Tell us a bit about yourself
I’m a 26 year old, Sudanese born, British-educated journalist. I’m a bit of a third culture kid – walking around with an international accent, British mannerisms and a Sudanese penchant for hosting/feeding people.
I’ve grown up in a family of journalists. As a child, I watched as my father’s newspaper constantly got confiscated from news stands for covering topics outside of the government’s interest. It taught me the power of information from a very young age and even as I tried to move away from the family trade I found myself writing articles and applying for news internships. Now, whenever I have a mental block or get caught up in the stress of my job
I remember the daily fight my parents waged against the Sudanese regime to get people the news they need to make informed decisions. Freedom of information is a luxury that we shouldn’t take for granted.
What themes and subjects are your particularly interested in Journalism?
My passion lies in underreported human interest stories – news and public policy that directly impacts the daily lives of people in that country. I also love mixing culture and current affairs in a way that is engaging to an audience that may otherwise not know anything about the country or topic being discussed.
There are so many negative perceptions of Muslim women and Muslims in general. What do you think our biggest challenge is in facing these perceptions?
The biggest challenge in changing the narrative of muslim women is the refusal to accept that we have agency. That the way we dress and choose to act can often be our personal choice. Muslim women have had individuals and groups speaking on their behalf for far too long – we can challenge the narrative by reclaiming it. By speaking for ourselves and opening the doors for other muslim women to be represented authentically in mainstream media and popular culture.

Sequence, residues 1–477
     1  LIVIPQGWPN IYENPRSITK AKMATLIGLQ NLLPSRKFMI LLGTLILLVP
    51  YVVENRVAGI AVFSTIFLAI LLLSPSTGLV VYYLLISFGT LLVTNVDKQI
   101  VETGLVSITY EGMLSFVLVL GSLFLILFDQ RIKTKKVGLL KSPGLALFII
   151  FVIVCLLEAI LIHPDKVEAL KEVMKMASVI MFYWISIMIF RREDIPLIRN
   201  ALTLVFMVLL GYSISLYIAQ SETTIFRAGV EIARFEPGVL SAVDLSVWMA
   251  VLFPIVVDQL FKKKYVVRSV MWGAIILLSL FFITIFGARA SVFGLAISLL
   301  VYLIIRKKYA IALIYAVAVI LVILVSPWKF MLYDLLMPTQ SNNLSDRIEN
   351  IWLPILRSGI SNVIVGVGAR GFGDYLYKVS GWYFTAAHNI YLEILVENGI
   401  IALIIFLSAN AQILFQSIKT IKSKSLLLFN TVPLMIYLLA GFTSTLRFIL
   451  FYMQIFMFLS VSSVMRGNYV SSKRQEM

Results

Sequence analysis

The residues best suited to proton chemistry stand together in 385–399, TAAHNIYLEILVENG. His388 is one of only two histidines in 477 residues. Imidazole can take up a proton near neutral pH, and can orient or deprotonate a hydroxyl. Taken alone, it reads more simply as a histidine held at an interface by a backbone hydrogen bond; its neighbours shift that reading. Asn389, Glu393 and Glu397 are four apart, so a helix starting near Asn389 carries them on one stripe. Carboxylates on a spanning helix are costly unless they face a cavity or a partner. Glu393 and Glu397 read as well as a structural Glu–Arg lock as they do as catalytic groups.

What has been your most memorable and proudest achievement in your career?
The proudest achievement of my career thus far was winning Young Journalist of the Year at the 2016 Foreign Press Association and Thomson Foundation Award. I beat more than 100 other young journalists with articles I wrote in my hometown, Khartoum, and gave a speech in front of industry leaders that I have admired for a very long time. When I moved to Sudan after university, I was defeated and demoralised after being rejected from every graduate scheme under the sun. It was incredibly validating for my work to be recognised by the Foreign Press Association and still takes the cake as the best moment of my career.
Can you name any Muslim female role models you take inspiration from and why?
I am incredibly inspired by the work of the late, great Zaha Hadid. Her vision truly stands the test of time. There are many other Muslim women that I admire but I keep coming back to my mother. She is the first female publisher in Sudan – a trailblazer and a matriarch. She acted as a mother and a father to me growing up, while my dad moved between Egypt, Saudi Arabia and the UAE – where our newspaper was published during his self-exile from Sudan. When we moved back to Sudan to relaunch the newspaper, I watched her set up from scratch and build a new foundation for the business in the year before my dad finally returned.
In Islam, we are taught that “paradise is under the feet of our mothers” and the blood, sweat and tears that my mother put into raising my siblings and I is a true testament to that.
You have Sudanese heritage, how do you think that has played in the way you carve out your role living in the UK?
My Sudanese background has definitely played a huge role in how I live my life in the UK. It is one that is guided by Sudanese values and a western sensibility. I’ve always tried to absorb the best of both worlds, which can mean that I can often be uncomfortable in both.
Lastly, can you give us a phrase that best describes your approach to life?
Trust the process!